One afternoon in 2007, Ed Markey stood outside the doors of the US House chamber, balancing plaster models in his hands. He was waiting to enter the nearly empty chamber, to make a speech for C-SPAN junkies illustrating the lack of screening of cargo on US airliners — a loophole that Markey feared a terrorist might exploit. It was a point he had hammered home after 9/11, while airlines and cargo companies insisted that existing precautions were sufficient. But he wasn’t about to give up, and, with a big smile on his face, bounded onto the House floor.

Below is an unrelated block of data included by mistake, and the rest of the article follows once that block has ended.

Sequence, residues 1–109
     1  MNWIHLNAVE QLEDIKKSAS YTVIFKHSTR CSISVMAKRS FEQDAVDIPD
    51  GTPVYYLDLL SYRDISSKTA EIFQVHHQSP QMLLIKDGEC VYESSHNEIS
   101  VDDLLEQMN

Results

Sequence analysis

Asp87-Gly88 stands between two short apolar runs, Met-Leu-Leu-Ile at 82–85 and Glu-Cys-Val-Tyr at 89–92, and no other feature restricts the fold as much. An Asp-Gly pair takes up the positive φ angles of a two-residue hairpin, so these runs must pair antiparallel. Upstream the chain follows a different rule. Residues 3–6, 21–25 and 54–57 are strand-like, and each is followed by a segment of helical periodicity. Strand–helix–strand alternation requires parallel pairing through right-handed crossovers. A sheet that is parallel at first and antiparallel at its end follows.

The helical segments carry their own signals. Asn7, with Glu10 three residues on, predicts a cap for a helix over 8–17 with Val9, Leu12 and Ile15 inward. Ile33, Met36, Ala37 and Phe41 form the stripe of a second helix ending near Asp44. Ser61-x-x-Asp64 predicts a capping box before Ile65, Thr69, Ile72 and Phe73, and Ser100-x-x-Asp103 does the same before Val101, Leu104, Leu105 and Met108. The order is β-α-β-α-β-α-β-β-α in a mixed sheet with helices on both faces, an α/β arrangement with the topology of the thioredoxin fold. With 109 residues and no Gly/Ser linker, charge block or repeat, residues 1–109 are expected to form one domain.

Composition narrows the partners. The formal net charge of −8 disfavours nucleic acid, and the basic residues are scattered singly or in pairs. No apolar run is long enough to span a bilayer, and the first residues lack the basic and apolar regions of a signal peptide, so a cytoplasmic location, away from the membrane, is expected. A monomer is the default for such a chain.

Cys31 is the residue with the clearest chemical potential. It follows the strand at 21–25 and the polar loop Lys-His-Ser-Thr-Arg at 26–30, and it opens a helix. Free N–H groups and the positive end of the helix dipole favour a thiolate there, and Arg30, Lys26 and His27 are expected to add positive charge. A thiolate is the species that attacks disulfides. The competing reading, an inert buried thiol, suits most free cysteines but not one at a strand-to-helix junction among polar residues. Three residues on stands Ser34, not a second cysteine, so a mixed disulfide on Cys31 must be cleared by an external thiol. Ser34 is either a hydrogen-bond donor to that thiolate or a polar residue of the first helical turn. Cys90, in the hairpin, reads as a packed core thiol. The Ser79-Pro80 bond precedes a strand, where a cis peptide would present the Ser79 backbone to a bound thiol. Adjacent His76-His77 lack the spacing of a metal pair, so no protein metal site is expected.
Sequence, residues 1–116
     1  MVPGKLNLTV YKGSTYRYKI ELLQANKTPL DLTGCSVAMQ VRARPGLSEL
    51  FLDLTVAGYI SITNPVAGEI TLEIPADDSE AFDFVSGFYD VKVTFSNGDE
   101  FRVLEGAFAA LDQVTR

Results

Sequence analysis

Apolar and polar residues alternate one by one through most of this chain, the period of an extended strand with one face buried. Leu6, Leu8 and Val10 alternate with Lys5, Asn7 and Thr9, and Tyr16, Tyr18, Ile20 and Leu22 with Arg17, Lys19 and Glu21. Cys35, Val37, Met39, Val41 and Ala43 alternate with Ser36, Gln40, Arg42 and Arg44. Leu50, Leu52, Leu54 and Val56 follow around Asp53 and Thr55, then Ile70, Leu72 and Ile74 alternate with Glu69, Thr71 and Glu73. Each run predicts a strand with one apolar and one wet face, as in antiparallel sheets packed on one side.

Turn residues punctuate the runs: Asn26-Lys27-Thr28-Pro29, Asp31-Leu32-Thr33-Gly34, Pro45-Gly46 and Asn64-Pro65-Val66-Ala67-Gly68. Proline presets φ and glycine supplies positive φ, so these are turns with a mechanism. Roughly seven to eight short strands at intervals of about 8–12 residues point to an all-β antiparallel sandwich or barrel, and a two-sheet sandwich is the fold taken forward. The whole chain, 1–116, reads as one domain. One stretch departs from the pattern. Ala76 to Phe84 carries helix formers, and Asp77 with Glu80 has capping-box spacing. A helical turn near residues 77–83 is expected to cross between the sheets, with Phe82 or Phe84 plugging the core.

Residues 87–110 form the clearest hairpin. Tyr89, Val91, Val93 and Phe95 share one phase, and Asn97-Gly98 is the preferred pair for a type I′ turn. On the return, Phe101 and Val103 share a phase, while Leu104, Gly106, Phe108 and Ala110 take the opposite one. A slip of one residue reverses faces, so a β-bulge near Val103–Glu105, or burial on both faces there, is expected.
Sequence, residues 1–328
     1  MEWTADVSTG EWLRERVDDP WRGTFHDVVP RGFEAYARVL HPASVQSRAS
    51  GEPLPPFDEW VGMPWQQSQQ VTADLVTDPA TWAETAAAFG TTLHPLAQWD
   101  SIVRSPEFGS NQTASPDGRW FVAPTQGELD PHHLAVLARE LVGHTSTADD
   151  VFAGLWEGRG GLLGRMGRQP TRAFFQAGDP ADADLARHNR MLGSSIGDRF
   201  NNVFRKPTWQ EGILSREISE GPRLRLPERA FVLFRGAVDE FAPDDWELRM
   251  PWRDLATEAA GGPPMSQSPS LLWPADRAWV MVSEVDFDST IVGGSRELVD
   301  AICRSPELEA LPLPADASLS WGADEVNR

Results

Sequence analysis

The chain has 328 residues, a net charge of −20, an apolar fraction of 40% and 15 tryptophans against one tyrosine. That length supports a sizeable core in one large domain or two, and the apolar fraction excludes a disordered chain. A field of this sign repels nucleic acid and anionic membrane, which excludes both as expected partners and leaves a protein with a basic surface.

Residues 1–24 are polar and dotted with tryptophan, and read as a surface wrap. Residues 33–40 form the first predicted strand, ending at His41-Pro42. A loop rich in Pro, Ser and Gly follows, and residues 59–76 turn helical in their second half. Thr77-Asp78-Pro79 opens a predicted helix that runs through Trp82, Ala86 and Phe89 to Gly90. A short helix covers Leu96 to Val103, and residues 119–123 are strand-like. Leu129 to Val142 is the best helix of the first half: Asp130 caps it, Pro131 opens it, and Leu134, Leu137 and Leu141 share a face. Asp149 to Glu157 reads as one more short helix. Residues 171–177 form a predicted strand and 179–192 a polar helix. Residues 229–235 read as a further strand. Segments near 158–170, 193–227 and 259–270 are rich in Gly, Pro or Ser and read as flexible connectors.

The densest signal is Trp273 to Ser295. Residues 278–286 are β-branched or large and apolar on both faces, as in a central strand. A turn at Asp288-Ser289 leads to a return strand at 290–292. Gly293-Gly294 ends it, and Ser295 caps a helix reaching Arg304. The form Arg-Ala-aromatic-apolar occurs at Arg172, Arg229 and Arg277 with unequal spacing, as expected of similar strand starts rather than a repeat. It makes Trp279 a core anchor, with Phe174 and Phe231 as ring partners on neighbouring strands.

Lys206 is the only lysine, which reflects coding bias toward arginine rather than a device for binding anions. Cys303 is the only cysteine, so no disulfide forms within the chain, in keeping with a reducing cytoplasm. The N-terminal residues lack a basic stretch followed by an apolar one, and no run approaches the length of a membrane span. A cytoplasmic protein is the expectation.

Though Markey’s district included people who died on 9/11, there was no special reason why he, of all House members, should be leading this particular cause. He simply saw it as his job to do what he could to improve the country.